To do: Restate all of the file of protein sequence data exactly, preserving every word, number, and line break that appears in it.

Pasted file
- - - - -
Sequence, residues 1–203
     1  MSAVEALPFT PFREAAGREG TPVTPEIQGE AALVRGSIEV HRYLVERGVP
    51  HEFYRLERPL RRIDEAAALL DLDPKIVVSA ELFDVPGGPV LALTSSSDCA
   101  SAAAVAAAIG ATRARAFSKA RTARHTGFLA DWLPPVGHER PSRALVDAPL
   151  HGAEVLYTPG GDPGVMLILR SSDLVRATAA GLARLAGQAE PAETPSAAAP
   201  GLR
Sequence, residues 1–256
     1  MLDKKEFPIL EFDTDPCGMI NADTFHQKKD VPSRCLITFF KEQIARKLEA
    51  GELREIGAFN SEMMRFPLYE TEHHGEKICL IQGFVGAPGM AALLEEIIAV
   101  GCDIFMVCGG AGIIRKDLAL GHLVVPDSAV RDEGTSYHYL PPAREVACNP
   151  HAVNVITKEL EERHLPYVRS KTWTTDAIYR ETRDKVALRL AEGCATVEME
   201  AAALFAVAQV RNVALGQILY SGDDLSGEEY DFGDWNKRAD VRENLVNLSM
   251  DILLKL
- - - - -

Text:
Sequence, residues 1–203
     1  MSAVEALPFT PFREAAGREG TPVTPEIQGE AALVRGSIEV HRYLVERGVP
    51  HEFYRLERPL RRIDEAAALL DLDPKIVVSA ELFDVPGGPV LALTSSSDCA
   101  SAAAVAAAIG ATRARAFSKA RTARHTGFLA DWLPPVGHER PSRALVDAPL
   151  HGAEVLYTPG GDPGVMLILR SSDLVRATAA GLARLAGQAE PAETPSAAAP
   201  GLR
Sequence, residues 1–256
     1  MLDKKEFPIL EFDTDPCGMI NADTFHQKKD VPSRCLITFF KEQIARKLEA
    51  GELREIGAFN SEMMRFPLYE TEHHGEKICL IQGFVGAPGM AALLEEIIAV
   101  GCDIFMVCGG AGIIRKDLAL GHLVVPDSAV RDEGTSYHYL PPAREVACNP
   151  HAVNVITKEL EERHLPYVRS KTWTTDAIYR ETRDKVALRL AEGCATVEME
   201  AAALFAVAQV RNVALGQILY SGDDLSGEEY DFGDWNKRAD VRENLVNLSM
   251  DILLKL